On the other hand they must have felt shame and fear. Shame, because they knew they had abandoned the Lord when He needed them most. Fear, because He might now reject them for their cowardice. Had He not said, "'Whoever denies Me before men, him I will also deny before My Father who is in heaven'" (Matt. 10:33)?
They needed the encouragement, as do we, that "if we confess our sins, He is faithful and just to forgive us our sins and to cleanse us from all unrighteousness" (1 John 1:9).
One of Jesus' post-resurrection appearances specifically concerns the restoration of Peter (see John 21:1-19). It was not a coincidence that Jesus asked Peter three times if Peter loved Him. Peter had earlier denied Jesus three times. Jesus was making sure that Peter understood he was truly forgiven.
But it's one thing to be forgiven. Can a person, having badly blown it, ever be restored? Jesus' answer to Peter is a resounding "Yes." Three times He tells Peter, "'Feed My sheep.'" Peter had sinned grievously but was restored.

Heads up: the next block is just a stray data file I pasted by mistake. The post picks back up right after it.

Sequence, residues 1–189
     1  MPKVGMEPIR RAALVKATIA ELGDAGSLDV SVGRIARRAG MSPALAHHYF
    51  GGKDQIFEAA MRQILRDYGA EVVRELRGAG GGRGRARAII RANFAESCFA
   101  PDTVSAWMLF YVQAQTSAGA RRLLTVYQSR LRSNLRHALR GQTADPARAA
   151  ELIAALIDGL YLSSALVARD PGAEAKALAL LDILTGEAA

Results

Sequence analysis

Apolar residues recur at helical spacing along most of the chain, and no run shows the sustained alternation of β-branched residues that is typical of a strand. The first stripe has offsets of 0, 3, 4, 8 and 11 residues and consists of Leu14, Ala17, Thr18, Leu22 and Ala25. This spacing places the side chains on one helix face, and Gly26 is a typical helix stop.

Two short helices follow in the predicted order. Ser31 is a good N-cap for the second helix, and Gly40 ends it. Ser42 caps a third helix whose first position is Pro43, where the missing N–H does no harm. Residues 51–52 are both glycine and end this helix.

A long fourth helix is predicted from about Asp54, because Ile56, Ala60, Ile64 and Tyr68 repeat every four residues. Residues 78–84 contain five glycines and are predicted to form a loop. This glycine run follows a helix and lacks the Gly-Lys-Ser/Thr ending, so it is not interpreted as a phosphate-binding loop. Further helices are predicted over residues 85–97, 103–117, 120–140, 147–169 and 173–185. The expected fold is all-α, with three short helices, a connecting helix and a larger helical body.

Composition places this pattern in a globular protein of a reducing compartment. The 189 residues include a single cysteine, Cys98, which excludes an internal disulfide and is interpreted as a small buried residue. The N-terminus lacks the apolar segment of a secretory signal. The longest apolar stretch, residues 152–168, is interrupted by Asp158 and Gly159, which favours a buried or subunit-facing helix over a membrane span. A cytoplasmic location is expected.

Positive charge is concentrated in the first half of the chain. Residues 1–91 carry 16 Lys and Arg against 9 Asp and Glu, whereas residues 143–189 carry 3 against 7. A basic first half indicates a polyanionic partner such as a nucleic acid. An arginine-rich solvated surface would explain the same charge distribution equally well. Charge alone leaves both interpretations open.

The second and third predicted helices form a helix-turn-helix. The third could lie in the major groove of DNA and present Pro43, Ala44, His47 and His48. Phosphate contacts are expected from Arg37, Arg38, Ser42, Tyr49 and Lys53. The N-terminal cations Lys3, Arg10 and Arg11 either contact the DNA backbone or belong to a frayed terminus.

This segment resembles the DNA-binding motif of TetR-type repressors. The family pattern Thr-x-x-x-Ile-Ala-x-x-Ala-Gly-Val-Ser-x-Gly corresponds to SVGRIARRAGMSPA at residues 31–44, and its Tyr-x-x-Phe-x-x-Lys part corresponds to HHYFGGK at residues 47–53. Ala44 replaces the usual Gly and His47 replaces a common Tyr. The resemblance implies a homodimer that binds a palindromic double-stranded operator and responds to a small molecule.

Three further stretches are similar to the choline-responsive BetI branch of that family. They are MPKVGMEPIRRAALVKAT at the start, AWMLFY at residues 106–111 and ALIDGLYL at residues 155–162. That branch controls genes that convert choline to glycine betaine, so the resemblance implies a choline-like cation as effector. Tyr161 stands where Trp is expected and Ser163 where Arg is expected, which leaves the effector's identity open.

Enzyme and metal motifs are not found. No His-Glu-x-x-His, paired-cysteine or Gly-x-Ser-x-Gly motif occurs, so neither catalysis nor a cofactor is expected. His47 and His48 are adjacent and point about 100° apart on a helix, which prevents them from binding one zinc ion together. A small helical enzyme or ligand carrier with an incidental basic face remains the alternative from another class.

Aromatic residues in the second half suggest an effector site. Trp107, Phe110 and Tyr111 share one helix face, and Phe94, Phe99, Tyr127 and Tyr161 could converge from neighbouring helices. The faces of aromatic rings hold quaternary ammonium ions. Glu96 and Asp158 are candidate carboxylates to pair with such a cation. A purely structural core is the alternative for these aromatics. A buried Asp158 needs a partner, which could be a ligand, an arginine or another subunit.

Considering some of the reasons Jesus remained on earth for 40 days after His resurrection, let's not stop celebrating at noon on Easter day but enjoy the entire 40-day Easter season, reflecting on all we can learn from what Jesus taught His disciples during that first post-resurrection time.
Mark A. Pearson conducts teaching, healing and evangelistic conferences and crusades in churches around North America. With his physician-wife, Mary, he co-leads New Creation Healing Center in Plaistow, New Hampshire.